Canada’s Troubled Efforts to Resettle Afghan Military Interpreters ‘Insult’ Veterans: O’Toole – .

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Canada’s Troubled Efforts to Resettle Afghan Military Interpreters ‘Insult’ Veterans: O’Toole – .


Conservative Leader Erin O’Toole accuses the Liberal government of making a botched and timid attempt to resettle the Afghan interpreters who worked alongside the Canadian military.
“For our veterans in Afghanistan, this is a critical point in this war that we must tackle,” O’Toole said today.

“It is insulting to our military community and another sign of a Liberal government totally disconnected from the needs of our country. “

The Conservative leader used his opening remarks during an infrastructure announcement in Fredericton, New Brunswick, to talk about Ottawa’s new resettlement mission, which was mired in controversy last week.

Potential applicants for the program were told earlier this week that they had just three days to complete a series of online forms and scan a series of sensitive documents.

The government later said there was no firm deadline for applications, but many fear that the program’s difficult start could put Afghans who have worked with Canada at risk of violent retaliation from the military. Taliban.

The Taliban – whom Canadian soldiers have fought for more than a decade – are gaining momentum and putting pressure on major cities across the country as the United States begins to withdraw its troops from the country.

“They risk persecution and even death because they worked for our country and supported our men and women in uniform,” O’Toole said.

Conservative Party of Canada Leader Erin O’Toole said the government was only relocating Afghan interpreters and their families due to pressure from veterans. (Ed Hunter/CBC)

Former embassy worker says more help needed

Nipa Banerjee, who worked at the Canadian Embassy in Afghanistan from 2003 to 2006, praised the government for dropping the three-day deadline, but said potential candidates are still struggling and in need of a better assistance.

Many eligible applicants were not interpreters and did not speak English well enough to navigate complex immigration documents, she said.

“The forms are also difficult to understand because in some places there are technical terms,” said Banerjee, who oversaw Canadian development programs while in Afghanistan.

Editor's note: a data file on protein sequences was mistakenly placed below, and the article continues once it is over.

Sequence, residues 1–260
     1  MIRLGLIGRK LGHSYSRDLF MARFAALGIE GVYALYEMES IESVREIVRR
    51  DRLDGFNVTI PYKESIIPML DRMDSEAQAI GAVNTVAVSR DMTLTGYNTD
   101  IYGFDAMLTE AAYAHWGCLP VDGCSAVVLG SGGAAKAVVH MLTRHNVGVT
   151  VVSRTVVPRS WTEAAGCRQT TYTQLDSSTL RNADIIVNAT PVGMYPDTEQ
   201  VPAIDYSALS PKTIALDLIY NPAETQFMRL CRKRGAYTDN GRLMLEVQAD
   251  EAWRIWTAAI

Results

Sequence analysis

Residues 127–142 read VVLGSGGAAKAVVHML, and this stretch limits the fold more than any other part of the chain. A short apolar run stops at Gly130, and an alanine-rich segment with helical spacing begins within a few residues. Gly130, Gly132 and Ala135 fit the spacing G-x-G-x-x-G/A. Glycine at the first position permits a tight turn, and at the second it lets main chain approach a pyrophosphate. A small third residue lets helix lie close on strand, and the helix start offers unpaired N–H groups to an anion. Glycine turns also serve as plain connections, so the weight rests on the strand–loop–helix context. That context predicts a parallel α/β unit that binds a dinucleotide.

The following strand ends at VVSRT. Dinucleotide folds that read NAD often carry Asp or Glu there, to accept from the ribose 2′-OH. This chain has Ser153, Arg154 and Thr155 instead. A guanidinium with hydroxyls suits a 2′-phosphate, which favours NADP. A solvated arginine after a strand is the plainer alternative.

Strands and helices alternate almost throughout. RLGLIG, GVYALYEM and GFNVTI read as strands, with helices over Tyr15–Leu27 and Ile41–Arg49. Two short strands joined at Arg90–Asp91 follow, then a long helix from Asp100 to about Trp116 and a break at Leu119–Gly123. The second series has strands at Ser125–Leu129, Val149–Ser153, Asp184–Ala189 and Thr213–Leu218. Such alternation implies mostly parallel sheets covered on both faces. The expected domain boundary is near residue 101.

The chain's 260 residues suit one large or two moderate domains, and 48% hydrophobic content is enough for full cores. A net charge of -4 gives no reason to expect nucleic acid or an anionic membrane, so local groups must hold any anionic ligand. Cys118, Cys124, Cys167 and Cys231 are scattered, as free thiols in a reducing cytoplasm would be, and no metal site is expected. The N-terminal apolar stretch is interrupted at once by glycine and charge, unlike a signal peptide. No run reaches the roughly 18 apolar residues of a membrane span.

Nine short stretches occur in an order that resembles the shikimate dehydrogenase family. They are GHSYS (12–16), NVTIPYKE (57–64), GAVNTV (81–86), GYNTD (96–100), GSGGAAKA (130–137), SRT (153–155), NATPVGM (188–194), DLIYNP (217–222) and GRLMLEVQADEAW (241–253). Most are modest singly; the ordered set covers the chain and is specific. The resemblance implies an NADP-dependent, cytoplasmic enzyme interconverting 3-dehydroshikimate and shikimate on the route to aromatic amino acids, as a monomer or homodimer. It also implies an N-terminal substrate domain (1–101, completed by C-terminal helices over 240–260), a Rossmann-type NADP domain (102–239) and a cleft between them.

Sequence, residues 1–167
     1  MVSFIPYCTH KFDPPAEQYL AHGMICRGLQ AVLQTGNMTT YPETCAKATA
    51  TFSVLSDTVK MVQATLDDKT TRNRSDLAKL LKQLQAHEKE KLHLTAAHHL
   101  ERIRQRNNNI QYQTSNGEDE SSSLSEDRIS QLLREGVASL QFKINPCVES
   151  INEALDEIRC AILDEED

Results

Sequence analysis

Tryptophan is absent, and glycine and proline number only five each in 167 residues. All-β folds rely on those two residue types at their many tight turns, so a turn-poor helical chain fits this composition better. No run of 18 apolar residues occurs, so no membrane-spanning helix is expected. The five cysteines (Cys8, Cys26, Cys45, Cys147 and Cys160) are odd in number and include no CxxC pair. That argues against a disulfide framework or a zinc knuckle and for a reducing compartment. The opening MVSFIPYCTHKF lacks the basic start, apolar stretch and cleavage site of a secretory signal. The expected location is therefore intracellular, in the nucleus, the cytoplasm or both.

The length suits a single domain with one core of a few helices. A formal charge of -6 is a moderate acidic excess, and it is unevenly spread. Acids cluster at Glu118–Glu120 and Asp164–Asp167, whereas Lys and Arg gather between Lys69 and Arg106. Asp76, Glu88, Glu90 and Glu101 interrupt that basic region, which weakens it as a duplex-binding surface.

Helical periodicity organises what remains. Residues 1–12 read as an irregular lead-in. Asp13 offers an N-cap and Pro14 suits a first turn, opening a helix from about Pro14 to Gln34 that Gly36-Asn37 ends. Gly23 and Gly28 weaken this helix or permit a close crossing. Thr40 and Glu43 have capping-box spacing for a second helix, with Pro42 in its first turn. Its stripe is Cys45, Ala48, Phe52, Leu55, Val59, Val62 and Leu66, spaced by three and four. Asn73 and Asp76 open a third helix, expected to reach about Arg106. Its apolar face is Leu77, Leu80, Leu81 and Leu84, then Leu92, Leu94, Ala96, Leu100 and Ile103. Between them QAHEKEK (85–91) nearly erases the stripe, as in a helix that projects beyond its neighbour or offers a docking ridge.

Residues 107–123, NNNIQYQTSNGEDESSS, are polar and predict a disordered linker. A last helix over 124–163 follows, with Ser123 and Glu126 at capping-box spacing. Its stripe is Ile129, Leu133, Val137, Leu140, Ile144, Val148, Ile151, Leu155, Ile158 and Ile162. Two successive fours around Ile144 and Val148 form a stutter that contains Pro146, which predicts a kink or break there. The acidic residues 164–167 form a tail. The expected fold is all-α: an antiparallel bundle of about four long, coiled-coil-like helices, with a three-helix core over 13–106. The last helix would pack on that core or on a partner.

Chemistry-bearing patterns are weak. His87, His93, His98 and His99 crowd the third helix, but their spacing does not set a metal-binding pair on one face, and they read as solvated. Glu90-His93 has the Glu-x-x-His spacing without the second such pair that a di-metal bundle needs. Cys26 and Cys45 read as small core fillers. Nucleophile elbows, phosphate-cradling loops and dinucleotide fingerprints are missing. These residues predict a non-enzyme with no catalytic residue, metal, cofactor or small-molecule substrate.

Banerjee said the Afghans she had worked with had contacted her about their issues with the apps. Some said they were looked down upon by the Canadian Embassy in Kabul when they asked for help.

“If the embassy could provide assistance to a local person, that would be good,” she said.

A spokesperson for Immigration Minister Marco Mendicino said follow-up messages were sent to those who may have been confused by the initial instructions, which included the three-day deadline.

“Managers have contacted applicants to clarify this and will continue to actively work with clients to help them complete their applications,” Emilie Simard wrote in an email.

“We have also hired local support staff to help clients with language barriers submit their applications and documents. “

Freeland reaffirms Canada’s “moral responsibility”

Deputy Prime Minister Chrystia Freeland reiterated for the second day in a row today the government’s intention to resettle the Afghans who assisted Canadian soldiers – although she gave no new details on exactly when this is will begin.

“We as a country have a moral responsibility to them and we absolutely recognize that,” Freeland said today.

“We are working very, very hard to allow the people who worked for Canada, for their families, to come to Canada very, very quickly. “

Meanwhile, the United States is carrying out its own resettlement mission for the Afghans who assisted the United States military during the war. The first flight carrying over 200 of these workers and their families landed in the United States today.

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